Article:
4 Questions For Siri




I was the biggest Siri fanboy ever both before Apple launched the iPhone 4S with Siri integration, and immediately after.

For example, I wrote this in September and this in October. I was certain that Siri was going to change everything.

But since then, it’s slowly dawning on me that Siri isn’t what I thought it would be, at least not yet. Worse, I’ve been confused by events and facts related to Siri that have emerged since the iPhone 4S launched.

So here’s what I would like to ask Siri.

1. Siri: Why do you call yourself “beta”?

Companies aren’t supposed to sell beta software for money, or use beta software as a major selling point for an integrated product. Because if you are, what does “beta” mean?

The word “beta” as it relates to software means: still in the testing phase, and not ready for the general market. For years, companies have released “beta” software free of charge so that volunteers could test it and help the company find bugs before the beta program ended and the general release began. It was only after the beta program ended that customers were charged for the product.

Years ago, I called out Google for monetizing Gmail while continuing to call it “beta.” Gmail was in “beta” for five years! But that didn’t stop them from peppering it with advertising and making millions of dollars from it.

Google tried to have it both ways. You, as a user, were expected to participate in their monetization scheme, allow your email to be scanned by computers and allow yourself to be influenced by the resulting contextual advertising. But you were not expected to criticize it. “Hey, it’s just beta!” Eventually, Google found that their have-it-both-ways beta labeling was causing hesitation among corporate customers, so they dropped it.

I slammed Google then, and I’m slamming Apple now.

Apple is pushing Siri hard as a major selling point — perhaps THE major selling point — for their biggest and most profitable product, the iPhone. Slick, expensive TV commercials create a totally unrealistic picture of how well Siri works in order to convince customers to buy an iPhone 4S.

But once the money has been spent, and consumers learn that Siri doesn’t work as advertised, Apple hides behind the old Gmailesque “Hey, it’s “beta!” It’s not finished. Don’t criticize!

“Beta” means “not ready to sell,” not “it sucks, but we’re selling it anyway.”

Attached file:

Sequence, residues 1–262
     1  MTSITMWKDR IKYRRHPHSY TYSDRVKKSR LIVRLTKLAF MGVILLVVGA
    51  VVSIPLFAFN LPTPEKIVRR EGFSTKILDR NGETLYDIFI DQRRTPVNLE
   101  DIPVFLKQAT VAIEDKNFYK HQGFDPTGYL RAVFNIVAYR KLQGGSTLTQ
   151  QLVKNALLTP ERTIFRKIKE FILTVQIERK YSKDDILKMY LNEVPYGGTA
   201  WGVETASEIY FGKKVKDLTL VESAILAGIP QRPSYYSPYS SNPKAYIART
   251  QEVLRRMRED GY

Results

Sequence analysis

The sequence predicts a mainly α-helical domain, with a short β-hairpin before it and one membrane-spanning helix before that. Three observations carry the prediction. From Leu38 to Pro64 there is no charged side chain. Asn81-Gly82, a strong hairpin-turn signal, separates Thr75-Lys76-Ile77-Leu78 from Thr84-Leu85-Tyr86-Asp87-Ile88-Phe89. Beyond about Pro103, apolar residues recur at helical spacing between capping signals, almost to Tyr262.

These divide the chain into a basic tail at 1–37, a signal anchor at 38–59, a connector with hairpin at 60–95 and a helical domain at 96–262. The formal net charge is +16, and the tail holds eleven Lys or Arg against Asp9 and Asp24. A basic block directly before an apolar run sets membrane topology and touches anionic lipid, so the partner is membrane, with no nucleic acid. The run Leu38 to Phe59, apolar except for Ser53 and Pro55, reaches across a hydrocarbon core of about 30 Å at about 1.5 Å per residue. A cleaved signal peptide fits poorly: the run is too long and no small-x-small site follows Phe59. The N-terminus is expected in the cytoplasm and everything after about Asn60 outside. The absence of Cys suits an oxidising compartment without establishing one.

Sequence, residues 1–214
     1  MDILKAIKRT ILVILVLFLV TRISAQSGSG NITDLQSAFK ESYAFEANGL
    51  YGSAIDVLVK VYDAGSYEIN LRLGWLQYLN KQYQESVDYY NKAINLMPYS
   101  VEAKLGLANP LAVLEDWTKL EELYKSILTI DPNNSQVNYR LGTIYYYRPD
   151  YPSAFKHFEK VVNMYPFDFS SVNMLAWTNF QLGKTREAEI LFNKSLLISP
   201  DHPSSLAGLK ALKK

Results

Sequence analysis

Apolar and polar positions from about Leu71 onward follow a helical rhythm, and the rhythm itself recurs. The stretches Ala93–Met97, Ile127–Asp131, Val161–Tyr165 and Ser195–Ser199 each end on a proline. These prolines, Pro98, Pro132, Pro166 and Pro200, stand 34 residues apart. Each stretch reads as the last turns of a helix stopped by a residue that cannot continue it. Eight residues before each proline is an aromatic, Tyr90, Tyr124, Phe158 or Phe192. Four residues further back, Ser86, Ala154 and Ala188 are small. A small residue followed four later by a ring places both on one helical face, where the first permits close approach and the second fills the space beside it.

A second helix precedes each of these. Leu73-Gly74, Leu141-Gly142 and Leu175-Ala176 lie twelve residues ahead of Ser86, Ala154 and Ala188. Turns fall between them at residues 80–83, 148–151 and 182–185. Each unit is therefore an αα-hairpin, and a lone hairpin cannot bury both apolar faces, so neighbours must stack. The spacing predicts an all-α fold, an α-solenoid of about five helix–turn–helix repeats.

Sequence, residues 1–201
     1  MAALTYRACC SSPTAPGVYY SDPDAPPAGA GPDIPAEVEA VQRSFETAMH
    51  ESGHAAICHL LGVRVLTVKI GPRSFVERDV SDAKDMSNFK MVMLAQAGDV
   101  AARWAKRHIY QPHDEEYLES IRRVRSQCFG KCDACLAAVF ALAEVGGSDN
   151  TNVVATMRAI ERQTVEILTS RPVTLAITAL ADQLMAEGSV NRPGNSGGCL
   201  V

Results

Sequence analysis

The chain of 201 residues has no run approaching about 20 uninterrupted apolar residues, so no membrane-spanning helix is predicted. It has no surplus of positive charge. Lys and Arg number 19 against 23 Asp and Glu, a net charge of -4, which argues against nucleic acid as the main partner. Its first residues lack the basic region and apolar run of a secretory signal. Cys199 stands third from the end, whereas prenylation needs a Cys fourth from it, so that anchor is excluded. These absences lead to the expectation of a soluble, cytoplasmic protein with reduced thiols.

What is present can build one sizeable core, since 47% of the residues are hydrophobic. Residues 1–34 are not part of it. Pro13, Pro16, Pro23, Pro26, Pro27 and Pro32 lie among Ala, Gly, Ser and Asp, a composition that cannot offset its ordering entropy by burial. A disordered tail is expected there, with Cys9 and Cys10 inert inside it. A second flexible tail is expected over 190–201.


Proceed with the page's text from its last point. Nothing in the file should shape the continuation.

Either release something for “beta” testing, or use it to make billions of dollars as a shipping product. But don’t ship and advertise a deeply flawed product and hide behind a “beta” label.

2. Siri: Why did you get worse after launch? 

Siri worked way better in the first few weeks after launch than it does today. It was less reliable then. But when the servers returned a result, it tended to be far more accurate.

What happened? Although dictation works great, Siri requests fail at an alarming rate.

A recent test found that Siri returned good results only 62 percent of the time in a noisy environment and 68 percent in a quiet one.

I’m almost certain that it worked better when the iPhone 4S first came out.

Why is Apple unable to replicate the capabilities it had eight months ago?

3. Siri: Why are you being secretive about the recordings you make of my voice?

It emerged this week that Apple keeps recordings of our voices as we interact with Siri. A voice pattern is a biometric identifier, just like a fingerprint. It’s as if Apple had a scanner on the surface of our iPhones, and was keeping a database of all our fingerprints.

A spokeswoman for Apple told a reporter that the recordings are “used for Siri’s operation and to help Siri improve its understanding and recognition.”

Fine. But why the secrecy and lack of transparency?

Why didn’t Apple tell us they were doing this? Why won’t they tell us for how long they’ll keep these personal identifiers, or what they’re doing to secure them against leaks, hacks or subpoena?

4. Siri: Why are you censoring facts on behalf of the Chinese Communist Party?

We also learned this week that the Chinese versions of Siri are pretty good at toeing the Chinese Communist Party line about sensitive topics like the Tiananmen Square massacre of 1989.

It could be, for example, that Siri gets all its information from Chinese sources that are themselves censored by Chinese government authorities. Or, it’s possible that the Chinese government explicitly sent Apple a list of forbidden topics. Or the worst-case scenario is that Apple is preemptively and voluntarily censoring on behalf of the party, just to avoid trouble.

Whichever it is, it would be nice to know the answer.

I want to love Siri, but a loving relationship requires openness and honest. I and I believe many others want to know how Siri is marketed, why it doesn’t work as well anymore, what it does with the biometric data it retains about us and to what extent it’s used by authoritarian regimes to censor history for political aims.

Siri: Is that too much to ask?



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